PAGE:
"There were fewer large-screen TVs, but more midsize models in the 20- to 30-inch range sold," he said. "I also think there is some trading down going on. Instead of buying name brands, people are buying private labels such as the Insignia brand at Best Buy, which can deliver some savings to the consumer."
During the period from Black Friday, the day after Thanksgiving, to Christmas, online spending was up 3.5 percent from 2008, with the data adjusted for an additional shopping day.
Last year, overall online spending dropped three percent.
The data was gathered from a panel of shoppers who agreed to have their spending habits tracked by the marketing company from Nov. 1 through Christmas.
While the data suggest good news about the economic recovery, comScore cautions that while more people appear to have shopped online this year, the average amount they spent was less than last year.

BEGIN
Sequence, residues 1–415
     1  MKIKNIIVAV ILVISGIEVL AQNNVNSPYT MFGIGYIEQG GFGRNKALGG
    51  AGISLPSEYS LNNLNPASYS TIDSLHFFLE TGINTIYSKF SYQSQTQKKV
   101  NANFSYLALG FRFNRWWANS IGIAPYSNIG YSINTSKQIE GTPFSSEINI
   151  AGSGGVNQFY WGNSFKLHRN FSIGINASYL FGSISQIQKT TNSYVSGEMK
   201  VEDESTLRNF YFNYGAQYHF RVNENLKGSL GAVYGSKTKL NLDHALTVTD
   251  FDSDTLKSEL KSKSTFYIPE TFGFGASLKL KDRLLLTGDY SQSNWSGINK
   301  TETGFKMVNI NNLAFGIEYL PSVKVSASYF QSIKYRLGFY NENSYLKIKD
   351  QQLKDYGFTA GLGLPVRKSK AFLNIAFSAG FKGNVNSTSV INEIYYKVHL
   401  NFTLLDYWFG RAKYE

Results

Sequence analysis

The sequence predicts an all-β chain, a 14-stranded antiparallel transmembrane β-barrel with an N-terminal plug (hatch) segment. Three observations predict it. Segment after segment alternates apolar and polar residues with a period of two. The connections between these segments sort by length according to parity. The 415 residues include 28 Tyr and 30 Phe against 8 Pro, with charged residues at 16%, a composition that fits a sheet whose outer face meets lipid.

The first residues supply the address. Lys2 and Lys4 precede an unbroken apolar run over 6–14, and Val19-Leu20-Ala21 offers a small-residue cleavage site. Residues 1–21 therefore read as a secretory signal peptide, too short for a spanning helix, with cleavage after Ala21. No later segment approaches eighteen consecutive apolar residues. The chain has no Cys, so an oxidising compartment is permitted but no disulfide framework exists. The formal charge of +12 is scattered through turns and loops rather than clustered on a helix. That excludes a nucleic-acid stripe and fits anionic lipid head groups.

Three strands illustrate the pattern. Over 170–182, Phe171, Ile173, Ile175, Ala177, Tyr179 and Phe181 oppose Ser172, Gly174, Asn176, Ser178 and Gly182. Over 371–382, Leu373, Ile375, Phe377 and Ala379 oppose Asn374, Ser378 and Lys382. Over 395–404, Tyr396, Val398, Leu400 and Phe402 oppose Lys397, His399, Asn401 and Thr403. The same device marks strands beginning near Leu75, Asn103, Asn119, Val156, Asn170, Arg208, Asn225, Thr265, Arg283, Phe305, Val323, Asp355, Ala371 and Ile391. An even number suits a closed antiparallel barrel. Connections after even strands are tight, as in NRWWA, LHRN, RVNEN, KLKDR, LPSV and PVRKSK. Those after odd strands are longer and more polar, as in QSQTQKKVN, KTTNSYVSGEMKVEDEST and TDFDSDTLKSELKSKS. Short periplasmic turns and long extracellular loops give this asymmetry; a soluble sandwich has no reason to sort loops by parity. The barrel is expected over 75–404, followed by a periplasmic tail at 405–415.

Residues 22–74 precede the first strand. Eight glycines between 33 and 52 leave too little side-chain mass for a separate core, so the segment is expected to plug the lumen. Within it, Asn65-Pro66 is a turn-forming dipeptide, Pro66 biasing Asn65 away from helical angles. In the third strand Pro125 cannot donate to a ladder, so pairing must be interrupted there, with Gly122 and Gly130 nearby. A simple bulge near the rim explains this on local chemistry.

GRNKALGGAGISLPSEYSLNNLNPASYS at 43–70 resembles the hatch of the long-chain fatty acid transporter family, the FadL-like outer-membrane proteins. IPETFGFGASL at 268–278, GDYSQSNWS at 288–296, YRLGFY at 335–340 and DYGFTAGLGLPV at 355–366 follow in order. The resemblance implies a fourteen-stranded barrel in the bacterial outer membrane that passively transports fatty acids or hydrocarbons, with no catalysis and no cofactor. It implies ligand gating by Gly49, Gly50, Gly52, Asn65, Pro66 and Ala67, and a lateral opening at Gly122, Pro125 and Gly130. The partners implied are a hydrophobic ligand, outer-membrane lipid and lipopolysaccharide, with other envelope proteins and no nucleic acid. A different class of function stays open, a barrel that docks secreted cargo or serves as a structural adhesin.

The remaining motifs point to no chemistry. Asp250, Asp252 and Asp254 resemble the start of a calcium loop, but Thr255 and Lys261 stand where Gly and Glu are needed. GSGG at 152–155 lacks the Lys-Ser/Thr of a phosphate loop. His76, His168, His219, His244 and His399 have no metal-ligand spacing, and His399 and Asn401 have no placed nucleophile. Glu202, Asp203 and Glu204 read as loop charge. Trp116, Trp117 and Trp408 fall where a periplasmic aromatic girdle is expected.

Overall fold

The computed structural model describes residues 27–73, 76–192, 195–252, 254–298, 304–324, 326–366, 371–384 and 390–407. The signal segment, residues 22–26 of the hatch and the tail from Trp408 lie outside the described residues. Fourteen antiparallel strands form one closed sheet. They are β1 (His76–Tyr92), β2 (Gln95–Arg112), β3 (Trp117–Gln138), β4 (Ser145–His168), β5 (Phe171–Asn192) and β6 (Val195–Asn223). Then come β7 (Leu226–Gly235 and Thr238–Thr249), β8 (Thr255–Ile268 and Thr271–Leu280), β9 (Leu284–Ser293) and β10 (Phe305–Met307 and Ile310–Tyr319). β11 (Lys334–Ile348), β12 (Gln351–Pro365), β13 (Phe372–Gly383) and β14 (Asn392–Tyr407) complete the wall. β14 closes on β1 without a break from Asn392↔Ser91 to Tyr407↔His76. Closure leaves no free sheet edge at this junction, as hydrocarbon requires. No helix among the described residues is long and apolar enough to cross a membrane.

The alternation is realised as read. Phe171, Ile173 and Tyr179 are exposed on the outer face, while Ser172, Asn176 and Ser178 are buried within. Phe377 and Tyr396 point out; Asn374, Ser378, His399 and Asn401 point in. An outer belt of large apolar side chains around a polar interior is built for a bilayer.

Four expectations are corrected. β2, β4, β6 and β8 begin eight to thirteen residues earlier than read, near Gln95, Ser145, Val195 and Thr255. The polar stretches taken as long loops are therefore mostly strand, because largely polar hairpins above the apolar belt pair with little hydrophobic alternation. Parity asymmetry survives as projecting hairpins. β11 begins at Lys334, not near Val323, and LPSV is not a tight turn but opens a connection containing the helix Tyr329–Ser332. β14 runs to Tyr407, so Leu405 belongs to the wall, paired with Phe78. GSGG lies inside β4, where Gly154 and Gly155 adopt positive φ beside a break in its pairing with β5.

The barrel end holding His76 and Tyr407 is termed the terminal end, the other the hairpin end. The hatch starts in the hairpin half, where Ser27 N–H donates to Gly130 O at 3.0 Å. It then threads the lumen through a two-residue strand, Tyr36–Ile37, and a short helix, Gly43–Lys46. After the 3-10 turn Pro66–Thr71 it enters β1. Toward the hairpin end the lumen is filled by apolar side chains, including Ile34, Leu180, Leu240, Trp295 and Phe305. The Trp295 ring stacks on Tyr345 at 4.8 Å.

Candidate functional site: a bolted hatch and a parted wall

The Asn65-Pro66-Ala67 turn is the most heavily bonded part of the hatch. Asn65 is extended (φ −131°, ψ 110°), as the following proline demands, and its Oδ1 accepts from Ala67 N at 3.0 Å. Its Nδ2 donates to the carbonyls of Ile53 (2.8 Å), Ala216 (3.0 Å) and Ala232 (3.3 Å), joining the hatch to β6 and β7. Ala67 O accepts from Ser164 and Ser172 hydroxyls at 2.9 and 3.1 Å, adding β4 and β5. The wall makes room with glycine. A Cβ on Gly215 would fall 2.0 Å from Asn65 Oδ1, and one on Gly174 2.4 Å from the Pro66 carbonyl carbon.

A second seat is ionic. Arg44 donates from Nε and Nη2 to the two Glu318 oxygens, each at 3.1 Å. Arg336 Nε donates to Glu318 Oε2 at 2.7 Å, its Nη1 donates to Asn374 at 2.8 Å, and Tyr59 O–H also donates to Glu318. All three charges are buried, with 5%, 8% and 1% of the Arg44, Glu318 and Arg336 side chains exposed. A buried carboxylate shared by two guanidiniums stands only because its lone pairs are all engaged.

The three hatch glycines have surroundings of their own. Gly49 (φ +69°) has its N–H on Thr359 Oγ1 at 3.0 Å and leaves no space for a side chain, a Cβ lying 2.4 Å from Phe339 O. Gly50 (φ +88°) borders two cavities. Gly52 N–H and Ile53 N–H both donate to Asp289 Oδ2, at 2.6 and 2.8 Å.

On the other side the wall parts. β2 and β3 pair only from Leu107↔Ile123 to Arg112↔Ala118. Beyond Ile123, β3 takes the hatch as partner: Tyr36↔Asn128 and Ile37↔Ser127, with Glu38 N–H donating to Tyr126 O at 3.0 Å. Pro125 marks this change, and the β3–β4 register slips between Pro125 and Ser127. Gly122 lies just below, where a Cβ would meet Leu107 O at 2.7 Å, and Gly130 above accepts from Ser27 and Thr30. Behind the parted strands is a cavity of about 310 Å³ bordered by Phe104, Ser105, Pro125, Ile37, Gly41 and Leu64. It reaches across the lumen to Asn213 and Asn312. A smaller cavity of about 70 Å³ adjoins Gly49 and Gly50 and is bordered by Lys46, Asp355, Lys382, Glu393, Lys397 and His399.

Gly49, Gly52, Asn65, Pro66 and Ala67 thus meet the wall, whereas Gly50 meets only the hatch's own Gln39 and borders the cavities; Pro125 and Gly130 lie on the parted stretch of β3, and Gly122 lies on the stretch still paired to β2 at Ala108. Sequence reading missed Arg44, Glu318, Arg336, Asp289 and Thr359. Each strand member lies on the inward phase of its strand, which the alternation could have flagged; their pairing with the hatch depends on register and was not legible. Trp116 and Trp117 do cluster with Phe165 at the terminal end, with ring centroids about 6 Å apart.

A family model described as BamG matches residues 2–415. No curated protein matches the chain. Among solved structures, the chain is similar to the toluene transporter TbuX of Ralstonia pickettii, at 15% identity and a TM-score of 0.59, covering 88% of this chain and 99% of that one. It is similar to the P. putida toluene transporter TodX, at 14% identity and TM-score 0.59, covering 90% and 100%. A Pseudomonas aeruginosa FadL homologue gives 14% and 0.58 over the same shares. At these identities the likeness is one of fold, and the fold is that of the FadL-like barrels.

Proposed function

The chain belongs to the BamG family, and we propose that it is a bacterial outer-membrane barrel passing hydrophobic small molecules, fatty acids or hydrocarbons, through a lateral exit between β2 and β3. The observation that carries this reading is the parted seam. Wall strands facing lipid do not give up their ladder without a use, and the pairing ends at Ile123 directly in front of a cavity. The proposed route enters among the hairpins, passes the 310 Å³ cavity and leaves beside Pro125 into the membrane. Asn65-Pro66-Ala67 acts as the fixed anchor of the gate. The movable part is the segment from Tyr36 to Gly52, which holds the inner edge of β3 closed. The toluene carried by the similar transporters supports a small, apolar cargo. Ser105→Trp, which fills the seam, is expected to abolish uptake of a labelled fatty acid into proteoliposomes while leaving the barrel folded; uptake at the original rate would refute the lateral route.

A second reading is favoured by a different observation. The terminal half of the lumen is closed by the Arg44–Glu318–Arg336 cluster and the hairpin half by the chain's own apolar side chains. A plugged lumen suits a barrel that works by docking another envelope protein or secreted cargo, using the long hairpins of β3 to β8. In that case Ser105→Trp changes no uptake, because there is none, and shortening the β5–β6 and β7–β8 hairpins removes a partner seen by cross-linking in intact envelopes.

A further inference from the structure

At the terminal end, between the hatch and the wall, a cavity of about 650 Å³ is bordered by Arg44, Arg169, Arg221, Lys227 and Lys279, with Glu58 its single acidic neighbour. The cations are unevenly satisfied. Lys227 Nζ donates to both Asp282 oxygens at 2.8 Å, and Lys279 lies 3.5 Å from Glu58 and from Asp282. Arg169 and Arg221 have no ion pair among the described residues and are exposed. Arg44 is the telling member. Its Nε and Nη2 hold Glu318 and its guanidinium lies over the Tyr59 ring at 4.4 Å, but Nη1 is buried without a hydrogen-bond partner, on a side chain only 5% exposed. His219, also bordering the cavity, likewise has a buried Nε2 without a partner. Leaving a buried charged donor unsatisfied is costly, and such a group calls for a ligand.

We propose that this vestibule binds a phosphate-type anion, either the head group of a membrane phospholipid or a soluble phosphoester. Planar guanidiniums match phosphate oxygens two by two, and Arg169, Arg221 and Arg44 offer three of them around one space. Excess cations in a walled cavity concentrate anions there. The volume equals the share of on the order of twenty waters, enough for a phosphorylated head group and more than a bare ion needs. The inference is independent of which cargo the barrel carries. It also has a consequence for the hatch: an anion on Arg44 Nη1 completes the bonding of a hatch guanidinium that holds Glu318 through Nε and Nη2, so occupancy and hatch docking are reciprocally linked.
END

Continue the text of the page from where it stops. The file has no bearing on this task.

"Online sales growth this year was driven by a continued increase in the number of people buying online, but consumers' economic challenges resulted in a slight decline versus last year in the amount spent per buyer," said comScore chairman Gian Fulgoni. "The season featured a strong start as a result of early retailer promotions and a very strong finish helped by the snowstorms that occurred the weekend of Dec 19-20."
Fulgoni also cited the extension of free shipping later in the season and retailers' use of social-networking tools.
Amazon Most Satisfying
Another study of online shoppers by ForeSee results found that
Overall, e-customer satisfaction with the top 40 retail sites by sales volume was up seven percent from last year.
Increases in satisfaction of 10 percent or more compared to last year were reported by customers who ordered from Macy's, Sony Style, The Gap, The Home Shopping Network, and
NEW YORK (Reuters) –
Wells Fargo & Co (WFC.N) said on Thursday it gave Chief Executive John Stumpf and three other top executives stock payouts worth a total of about $25 million, but it said none of these executives will receive a cash bonus for 2009.